Louis Perry, the eighth president of Whitman College, died Sept. 28, 2013, at Washington Odd Fellows Home in Walla Walla, Wash. He was 95. Born in Los Angeles, Calif., March 4, 1918, Perry served as Whitman’s president from 1959 to 1967.
“Lou was a remarkably talented and yet humble person,” President George Bridges said. “Over quiet lunches throughout the first years of my presidency, he offered sage advice about Whitman and the future of higher education. I will miss him immensely.”
While he was president, Perry created a development office and launched major fundraising and building campaigns, which dramatically increased the size of the college’s asset base, endowment, and buildings, as well as the number of faculty members and students.
President Bridges said, “Lou helped lay the foundation of excellence that has enabled Whitman to become one of the nation’s outstanding colleges. Creating Whitman's Office of Development proved to be among his most important accomplishments, enabling loyal Whitman alumni and friends of the college to help secure the college’s financial future through their giving.”
Larry Beaulaurier, who was a long-serving vice president for development at Whitman, echoed President Bridges’ remarks. “Lou changed the entire nature of the college. Whitman had a strong academic reputation, but it didn’t have an especially strong public relations effort due in large part to a lack of personnel. Louis implanted college relations, and Whitman became a leader in academics, alumni relations and fundraising, and because of his efforts, Whitman was able to further strengthen its faculty.”
G. Thomas Edwards, William Kirkman Professor of History Emeritus and author of an acclaimed history of Whitman College titled “The Triumph of Tradition,” said Perry was eminently likeable, which helped him accomplish a great deal for the college.
“He was successful because of his character and personality,” Edwards said. “He was very concerned and interested in everyone at the school. Lou was an outgoing person, and everybody liked him,” Edwards said.
In 1996, the Louis B. Perry Summer Student-Faculty Research Endowment was established to honor Perry's continuing leadership in the Whitman community. The Perry Summer Research Endowment encourages faculty to recruit and employ continuing Whitman students to join them as collaborators in their professional scholarship.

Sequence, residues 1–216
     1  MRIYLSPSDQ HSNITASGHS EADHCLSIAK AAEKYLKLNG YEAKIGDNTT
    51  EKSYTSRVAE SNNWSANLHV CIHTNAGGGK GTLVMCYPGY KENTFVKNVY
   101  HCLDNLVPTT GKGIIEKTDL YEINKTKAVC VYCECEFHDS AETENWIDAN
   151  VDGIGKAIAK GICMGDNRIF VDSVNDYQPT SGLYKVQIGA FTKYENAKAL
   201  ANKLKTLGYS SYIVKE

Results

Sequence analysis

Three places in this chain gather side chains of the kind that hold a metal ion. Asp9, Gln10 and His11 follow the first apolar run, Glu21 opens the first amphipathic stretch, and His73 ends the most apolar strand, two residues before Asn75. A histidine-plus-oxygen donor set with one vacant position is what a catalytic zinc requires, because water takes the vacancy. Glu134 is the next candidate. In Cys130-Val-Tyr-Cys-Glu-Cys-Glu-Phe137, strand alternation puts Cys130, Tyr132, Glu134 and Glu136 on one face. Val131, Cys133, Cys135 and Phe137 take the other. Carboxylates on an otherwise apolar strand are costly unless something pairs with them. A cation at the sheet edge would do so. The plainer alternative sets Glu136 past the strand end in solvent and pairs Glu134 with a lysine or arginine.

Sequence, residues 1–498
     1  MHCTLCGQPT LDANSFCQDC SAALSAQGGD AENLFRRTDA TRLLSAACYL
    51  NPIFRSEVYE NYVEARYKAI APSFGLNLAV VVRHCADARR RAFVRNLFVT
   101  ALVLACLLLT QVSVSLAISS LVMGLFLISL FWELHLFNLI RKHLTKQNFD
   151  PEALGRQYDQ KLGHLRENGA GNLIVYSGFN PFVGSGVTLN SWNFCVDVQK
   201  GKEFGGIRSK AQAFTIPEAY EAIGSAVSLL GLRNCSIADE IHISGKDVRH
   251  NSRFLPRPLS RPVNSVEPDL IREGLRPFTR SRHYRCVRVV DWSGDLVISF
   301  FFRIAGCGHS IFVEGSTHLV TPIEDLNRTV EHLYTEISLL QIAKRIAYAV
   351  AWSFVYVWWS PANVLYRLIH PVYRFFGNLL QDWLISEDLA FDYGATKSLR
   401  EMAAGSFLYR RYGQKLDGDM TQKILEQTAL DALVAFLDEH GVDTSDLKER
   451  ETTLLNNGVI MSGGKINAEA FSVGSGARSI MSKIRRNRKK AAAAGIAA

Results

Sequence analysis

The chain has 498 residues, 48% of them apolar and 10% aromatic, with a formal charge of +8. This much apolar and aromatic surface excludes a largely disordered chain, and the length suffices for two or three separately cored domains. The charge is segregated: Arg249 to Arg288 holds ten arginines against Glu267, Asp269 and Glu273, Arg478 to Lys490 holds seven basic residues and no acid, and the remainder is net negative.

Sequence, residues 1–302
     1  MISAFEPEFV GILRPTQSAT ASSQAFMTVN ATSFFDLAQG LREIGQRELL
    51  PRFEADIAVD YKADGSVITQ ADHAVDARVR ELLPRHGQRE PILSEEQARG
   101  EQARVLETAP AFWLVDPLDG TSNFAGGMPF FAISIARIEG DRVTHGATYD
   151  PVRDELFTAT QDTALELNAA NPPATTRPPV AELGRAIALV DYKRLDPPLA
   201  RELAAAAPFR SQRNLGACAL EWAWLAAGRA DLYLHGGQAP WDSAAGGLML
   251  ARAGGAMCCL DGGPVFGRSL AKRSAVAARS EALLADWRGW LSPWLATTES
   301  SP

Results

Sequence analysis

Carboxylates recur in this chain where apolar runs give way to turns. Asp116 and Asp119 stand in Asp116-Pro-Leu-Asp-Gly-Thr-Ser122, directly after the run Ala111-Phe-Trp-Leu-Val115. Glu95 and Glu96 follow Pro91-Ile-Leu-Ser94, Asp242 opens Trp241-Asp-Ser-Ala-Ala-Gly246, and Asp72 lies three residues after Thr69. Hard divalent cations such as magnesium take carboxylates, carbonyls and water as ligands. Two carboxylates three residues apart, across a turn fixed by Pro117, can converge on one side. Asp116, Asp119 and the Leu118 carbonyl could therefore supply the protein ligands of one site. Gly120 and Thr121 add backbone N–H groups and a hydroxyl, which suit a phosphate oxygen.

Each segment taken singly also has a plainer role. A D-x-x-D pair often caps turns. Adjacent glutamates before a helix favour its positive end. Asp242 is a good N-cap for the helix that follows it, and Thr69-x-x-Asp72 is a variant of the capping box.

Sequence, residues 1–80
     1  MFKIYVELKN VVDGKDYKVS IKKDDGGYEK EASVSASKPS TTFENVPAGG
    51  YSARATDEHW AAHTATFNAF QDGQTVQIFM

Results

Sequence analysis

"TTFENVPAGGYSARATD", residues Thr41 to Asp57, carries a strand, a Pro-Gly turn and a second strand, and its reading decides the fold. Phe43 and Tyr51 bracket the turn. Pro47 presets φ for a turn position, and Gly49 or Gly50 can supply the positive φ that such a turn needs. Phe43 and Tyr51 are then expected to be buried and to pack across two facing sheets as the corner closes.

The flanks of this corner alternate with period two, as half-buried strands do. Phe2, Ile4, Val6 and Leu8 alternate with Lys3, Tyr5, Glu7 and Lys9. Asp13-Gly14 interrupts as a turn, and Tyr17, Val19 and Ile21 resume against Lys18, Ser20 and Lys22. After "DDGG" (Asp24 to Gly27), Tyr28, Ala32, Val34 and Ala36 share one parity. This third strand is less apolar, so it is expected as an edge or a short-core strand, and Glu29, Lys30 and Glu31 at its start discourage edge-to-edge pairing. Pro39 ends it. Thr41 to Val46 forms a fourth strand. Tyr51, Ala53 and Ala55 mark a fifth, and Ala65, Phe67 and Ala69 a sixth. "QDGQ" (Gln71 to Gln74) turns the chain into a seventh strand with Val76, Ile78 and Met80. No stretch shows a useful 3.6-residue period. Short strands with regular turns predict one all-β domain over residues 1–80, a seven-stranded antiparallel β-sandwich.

In the spring of 2000, Perry established an endowment at Whitman in honor of his wife, Genevieve Patterson Perry. Income from the endowment brings one or more distinguished visiting speakers in the general areas of economic policy and business ethics to the campus. Genevieve Perry, educated as an economist at UCLA, served Whitman in a leadership role during her husband's presidency.
Louis Perry earned his B.A. and M.A. in Economics from UCLA in 1938 and 1940, respectively. After receiving his M.A. degree, he served in the U.S. Army from 1941-45. He finished his military career as a Lt. Col., Adjutant General Department, retired.
He later earned his Ph.D. in Economics from UCLA in 1950 while working for Pomona College, first as an instructor and director of placement, and then as associate professor, assistant to the president and full professor of economics from 1957-59.
After serving Whitman as its eighth president, Perry worked as vice president and treasurer of Standard Insurance Co. in Portland, Ore. During his tenure at Standard Insurance, he also served as president from 1972-83, chairman from 1983-85 and retired chairman from 1985-90. He also became an Overseer of Whitman from 1991-2001 and was elected to emeritus status in at the conclusion of his term.
He also worked for the Oregon State Board of Higher Education and was a member of The Western Economic Association. In 1980, The Associated Oregon Industries named him Oregon Businessman of the Year.
He is survived by a son, Robert B. Perry ’67, and his wife Elizabeth Dawson Perry ’67; daughter Barbara Perry Rutzer and her husband Max Rutzer; daughter Donna Perry Jones ’76, administrative assistant in Whitman’s Office of Fellowships and Grants, and her husband, David Jones ’76; eight grandchildren, including Perry Jones’06; sister-in-law, Vera Perry; and 18 great-grandchildren.
The service will be 3 p.m., Nov. 10 at Pioneer United Methodist Church.